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Friday, September 2, 2016

Do I need training?

In the words of a British soccer commentator, "it's a funny ole game". By game, I of course mean the firearms "game. Running a range like Caswells, you soon learn to expect the unexpected. From a customer returning to the store with his receipt from 1996 asking if his special order magazine had come in yet, to people pulling the trigger again in the hope the speeding bullet will clear a squib, we see a great many things that make us smile, gasp and sometimes even wince a little!

But, what is always a shock is the difference in views to training. We have all types of people that come here, but with training there tend to be 2 camps which most people fall into, namely "all" or "nothing" with little in between.

There is no compunction to take training, apart from basic training for the CCW, but is it a great idea to take no training? Lets see, if you were lucky enough to be given a McClaren P1, and were offered training at a fraction of the cost of the car, but that would mean you could actually get the best from it, would you do the training? I suspect you would.

Now think about a nice new Sig Sauer, best part of $1000, would you spend $100 on some training so YOU can get the best from your new and shiney Sig? I know I did when I first started to get involved in firearms.

But, even more important that getting the best out of your gun, safety. There are SO many tragic stories in the press of injuries and deaths from negligent discharge situations. A 2 year old toddler was wounded when a gun that HE WAS PLAYING WITH went off and wounded him in the leg. A man was shot in the neck a few weeks ago by his friend who was cleaning his gun in another room!

On the range, we are often critised for asking people to unload thier guns outside the store. But the case of a gunshop owner in Ohio who was killed by a customer taking in a class in another room, who suffered a negligent discharge with a gun that should not have been loaded serves as a warning and an explanation of why following such rules is essential for both customer and staff safety, we don't just make them up for fun.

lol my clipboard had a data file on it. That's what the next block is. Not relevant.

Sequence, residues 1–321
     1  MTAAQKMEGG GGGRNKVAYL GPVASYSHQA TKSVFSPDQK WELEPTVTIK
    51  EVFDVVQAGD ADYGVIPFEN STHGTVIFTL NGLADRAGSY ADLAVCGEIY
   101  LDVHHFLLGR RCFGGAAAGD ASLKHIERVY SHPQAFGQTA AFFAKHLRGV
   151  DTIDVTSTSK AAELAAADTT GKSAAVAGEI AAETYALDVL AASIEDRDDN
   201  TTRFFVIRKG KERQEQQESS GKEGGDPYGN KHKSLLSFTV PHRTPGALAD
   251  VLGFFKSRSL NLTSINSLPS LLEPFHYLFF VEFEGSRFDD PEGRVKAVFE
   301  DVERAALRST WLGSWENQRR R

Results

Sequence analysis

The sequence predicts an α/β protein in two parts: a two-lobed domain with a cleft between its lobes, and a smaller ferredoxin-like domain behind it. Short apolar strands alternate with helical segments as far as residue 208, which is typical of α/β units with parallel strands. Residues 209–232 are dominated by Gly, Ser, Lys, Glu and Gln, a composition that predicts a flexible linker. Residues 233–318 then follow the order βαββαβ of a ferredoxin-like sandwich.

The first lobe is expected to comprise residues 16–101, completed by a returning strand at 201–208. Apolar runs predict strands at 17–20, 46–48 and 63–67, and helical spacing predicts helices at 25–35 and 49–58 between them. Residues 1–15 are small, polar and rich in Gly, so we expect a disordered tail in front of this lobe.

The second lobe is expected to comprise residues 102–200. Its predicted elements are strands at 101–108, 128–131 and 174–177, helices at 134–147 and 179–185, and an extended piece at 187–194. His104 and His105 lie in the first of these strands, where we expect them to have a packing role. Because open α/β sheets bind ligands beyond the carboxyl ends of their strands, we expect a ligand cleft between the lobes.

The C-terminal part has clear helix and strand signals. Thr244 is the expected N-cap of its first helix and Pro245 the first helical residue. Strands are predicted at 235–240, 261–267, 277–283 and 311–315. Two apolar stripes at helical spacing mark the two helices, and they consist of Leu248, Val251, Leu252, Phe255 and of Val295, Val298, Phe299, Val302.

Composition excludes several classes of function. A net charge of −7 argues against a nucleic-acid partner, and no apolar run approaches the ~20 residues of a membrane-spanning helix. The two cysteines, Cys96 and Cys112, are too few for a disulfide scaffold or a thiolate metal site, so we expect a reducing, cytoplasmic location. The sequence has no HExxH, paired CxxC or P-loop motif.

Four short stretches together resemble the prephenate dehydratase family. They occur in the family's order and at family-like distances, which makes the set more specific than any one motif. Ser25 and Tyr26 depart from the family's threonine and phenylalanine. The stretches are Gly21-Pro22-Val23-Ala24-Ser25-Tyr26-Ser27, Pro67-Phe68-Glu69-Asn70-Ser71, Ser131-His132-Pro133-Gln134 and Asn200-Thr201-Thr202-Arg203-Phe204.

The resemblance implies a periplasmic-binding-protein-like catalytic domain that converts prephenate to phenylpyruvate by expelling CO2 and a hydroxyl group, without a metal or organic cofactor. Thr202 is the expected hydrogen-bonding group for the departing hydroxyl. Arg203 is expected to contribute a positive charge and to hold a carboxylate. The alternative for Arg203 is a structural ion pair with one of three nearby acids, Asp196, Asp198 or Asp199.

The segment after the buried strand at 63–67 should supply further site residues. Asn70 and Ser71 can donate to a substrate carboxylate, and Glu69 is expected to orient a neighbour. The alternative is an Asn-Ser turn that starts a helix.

What's the answer, ban guns, universal background checks, AR bans, ammo bans? Of course not. Training and good sense are the key. Guns do not simply leap up and shoot people of their own accord when they are bored on a Thursday afternoon, they have to be manipulated to make that happen. Children access bleach left in cupboards they can reach an drink it, with obvious consequences. Do we seek to ban bleach, no we try and educate people to store it safely. Would I be any more appalled to find a child playing with bleach or a gun I wonder..

Both are the result of poor decisions made by those responsible for keeping the child safe, and failing to do so. The guy cleaning the gun didn't follow the golden rules, clear any firearm you pickup, treat every gun as loaded. The student in the classroom broke the golden rule, no ammunition in a classroom

When we see attacks daily on guns and the shooting sports, don't give them an open goal to shoot at. Every one of the incidents I describe would have been avoided by following the most simple and basic gun handling routines, taught in in every class. Caswells runs classes from Family safety classes to the P300 class, and many in between, all of which can be found here on

Lets be safe and responsible, and don't give those who would ban your sport and your means of defending yourself and loved ones anything to throw at us. Lets see an end to 2 year old playing with loaded guns hurting themselves. The answer is in our hands!

Toddler shoots himself
Man shoots freind
Gunstore owner dies

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